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Virgin Islands to Dominica

575 Nautical Miles via Nevis, Antigua, St. Barts, Statia, Saba

Meet loggerhead turtles, seahorses and whale sharks along the way. Cultivate your sailing skills while island hopping among Nevis, Dominica, Guadeloupe, The Saints, Antigua, St. Barts, St. Eustatius and Saba. Don’t worry; you’ll give each island the personal attention it deserves by surfing and snorkeling in their pristine waters, trekking along their dormant volcanoes and immersing yourself in the unique landscapes and cultures each has to offer. All the while, you’ll be earning six college credits as well as sailing and diving certifications.

  • Days
  • Credits
  • Students
  • Term
  • Tuition (USD)
Jul 6 - Aug 14, 2021 - Aboard S/Y Ocean Star
  • 40
  • 6 credits
  • 16
  • Summer
  • $11,970

Availability: Waitlist - Call for details

Life Aboard

Sails Up Anchors Down

USF Accredited Academics

Certification Courses

Activities

  • Scuba Diving & Snorkeling
  • Educational & Cultural Tours
  • Hiking & Trekking
  • Service
  • Personal Time

The Voyage

Your Adventure Starts Here
Welcome Aboard!

The journey begins at our home base at Soper’s Hole in the west end of Tortola. It won’t be hard to find our 88-ft schooner, S/Y Ocean Star, tied alongside the dock with an eager crew of 4 staff waiting to greet you with a smile. After dropping your bags in your cabin, it’s time to take a breath, look around and realize that this beautiful schooner floating atop crystal clear Caribbean waters is now your home and classroom for the next 40 days as you embark on the voyage of a lifetime.

study-aboard-boat-sail-semester

Learning The Ropes
3-5 days

Early on day two, we cast our lines and the journey begins. As with all Sea|mester voyages, the first 5 days of the program is a crash course on how to be successful in your new environment. With the guidance of our staff, you’ll learn the in’s and out’s of how to live, work and learn in such close quarters with others – from sailing to cooking and everything in between.

Those new to scuba diving will spend quite a bit of time underwater working towards the PADI Open Water Certification. Those arriving with more experience will get reacquainted with the underwater world by taking a few refresher dives. During the first week, you’ll also have your first lectures for each of the two college-level courses. While the structure of the syllabi might look familiar, you’ll quickly find that learning from the deck of a boat couldn’t be more different.

Sample Trip Itinerary*
Start Location End Location
Tortola, BVI (STT or EIS) Tortola, BVI (STT or EIS)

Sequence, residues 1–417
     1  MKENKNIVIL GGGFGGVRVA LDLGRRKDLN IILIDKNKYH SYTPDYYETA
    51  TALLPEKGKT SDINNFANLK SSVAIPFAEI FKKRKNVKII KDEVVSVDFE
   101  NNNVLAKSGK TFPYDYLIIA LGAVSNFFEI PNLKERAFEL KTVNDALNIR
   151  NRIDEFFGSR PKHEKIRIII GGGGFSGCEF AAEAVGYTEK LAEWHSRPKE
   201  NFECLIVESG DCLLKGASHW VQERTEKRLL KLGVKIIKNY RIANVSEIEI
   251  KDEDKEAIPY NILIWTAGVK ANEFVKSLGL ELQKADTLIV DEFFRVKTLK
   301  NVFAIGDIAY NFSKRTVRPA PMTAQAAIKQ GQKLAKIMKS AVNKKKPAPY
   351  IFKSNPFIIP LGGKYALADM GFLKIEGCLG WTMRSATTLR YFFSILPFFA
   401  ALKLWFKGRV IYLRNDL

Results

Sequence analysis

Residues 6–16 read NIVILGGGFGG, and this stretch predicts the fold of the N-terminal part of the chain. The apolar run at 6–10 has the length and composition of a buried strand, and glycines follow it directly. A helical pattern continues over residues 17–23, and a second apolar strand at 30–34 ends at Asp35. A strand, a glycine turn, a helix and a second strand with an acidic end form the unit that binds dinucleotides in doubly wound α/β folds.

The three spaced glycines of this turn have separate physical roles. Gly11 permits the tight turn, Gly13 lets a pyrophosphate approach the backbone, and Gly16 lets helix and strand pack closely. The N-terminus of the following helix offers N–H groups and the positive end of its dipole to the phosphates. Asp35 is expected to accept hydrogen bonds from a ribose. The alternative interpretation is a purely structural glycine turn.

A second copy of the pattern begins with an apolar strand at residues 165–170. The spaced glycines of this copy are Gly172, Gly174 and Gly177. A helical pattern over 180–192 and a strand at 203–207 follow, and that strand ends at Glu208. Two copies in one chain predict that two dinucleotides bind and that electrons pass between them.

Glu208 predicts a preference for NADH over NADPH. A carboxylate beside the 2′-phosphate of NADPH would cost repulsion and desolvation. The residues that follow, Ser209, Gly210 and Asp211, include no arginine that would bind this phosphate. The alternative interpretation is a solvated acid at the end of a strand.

Area Ports of Call
British Virgin Islands British Virgin Islands Tortola, Virgin Gorda, Peter Island, Salt Island, The Dogs, Sandy Spit, Jost Van Dyke
Leeward Islands Nevis, Antigua, St. Barts, Statia, Saba
Windward Islands Dominica, Les Saintes, Guadeloupe
*Please note that all destinations are weather dependent and subject to change.
Play Video
scuba-semester-abroad
Exploring The Underwater Realm
15-20 Dives

Students often tell us they chose this voyage because of the amount of diving and dive training we offer. Whether a deep dive on a 100ft. sunken ship in Statia, or a night dive in Guadeloupe, during your 40 days you’ll likely dive 15-20 times. If you’re new to diving, you’ll earn the PADI Open Water Dive Certification as well as the Advanced Open Water Dive Certification. If you’re already an experienced diver, you can work all the way up to the PADI Rescue Diver Certification. If you feel that scuba diving is a passion, this is definitely the voyage to consider.

semester-abroad-caribbean-nevis
Nevis
(1-3 Days)

After making it through your first overnight passage from the BVI, you’ll make landfall at the birthplace of Alexander Hamilton.  Here on Nevis you’ll have the chance to explore the capital city Charlestown, hike through a volcanic rainforest to “The Source”, bike tour its hilly and quaint roads or simply enjoy a little personal time on the beach.

>Next stop: Dominica
semester-sea-program-caribbean
Dominica
(3-5 Days)

Nicknamed the Nature Isle of the Caribbean, Dominica is often considered one of our students favorite islands of the voyage.  With the help of our good friends, local Dominicans Pancho and Sea Cat, you’ll hike through the rainforest to the world’s largest boiling lake, all while refreshing yourself in one of its dozens of natural hot springs.  You’ll also spend a day taking a tour of the island eating more deliciously fresh Caribbean fruit than your stomach should be able to handle.

>Next stop: Guadeloupe & Les Saintes
semester-abroad-caribbean-les-saints
Guadeloupe & Les Saintes
(2-4 Days)

One of the reasons you’ll love the Caribbean is the cultural diversity between each individual island.  Due to colonialization in the 1500’s, Guadeloupe & Les Saintes are to this day considered to be a region of France.  The minute you step off the boat you’ll realize that the islands  are very much steeped in French culture.  The best examples are found in Fort Napoleon (yes that Napoleon) in Les Saintes, and the underwater statue of Jacques Cousteau at Pigeon Island in Guadeloupe.

>Next stop: Antigua
study-abroad-sailboat-antigua
Antigua
(4-6 Days)

Directly after visiting two very french islands, you’ll arrive at the very British Nelson’s Dockyard in Antigua.  This is one of the world’s only fully restored Victorian era dockyards, which provides an amazing backdrop to your time spent in Antigua.  While here, you’ll enjoy a steel drum and reggae concert at Shirley Heights, walk the historic ramparts of English Harbor and dive the crystal blue waters while anchored outside of Green Island.

>Next stop: St. Barths
study-abroad-st-barths
St. Barths
(2-4 Days)

Surf day!  Although you will certainly enjoy a cup of french espresso in Gustavia, the real adventure begins as we pack a couple of jeeps with surf boards and hit the waves for a day of surfing on St. Barths north shore.  Being another of the Lesser Antilles French islands, you’ll pause at lunchtime for a beach picnic of freshly baked baguette and stinky cheese before paddling back out to catch another wave.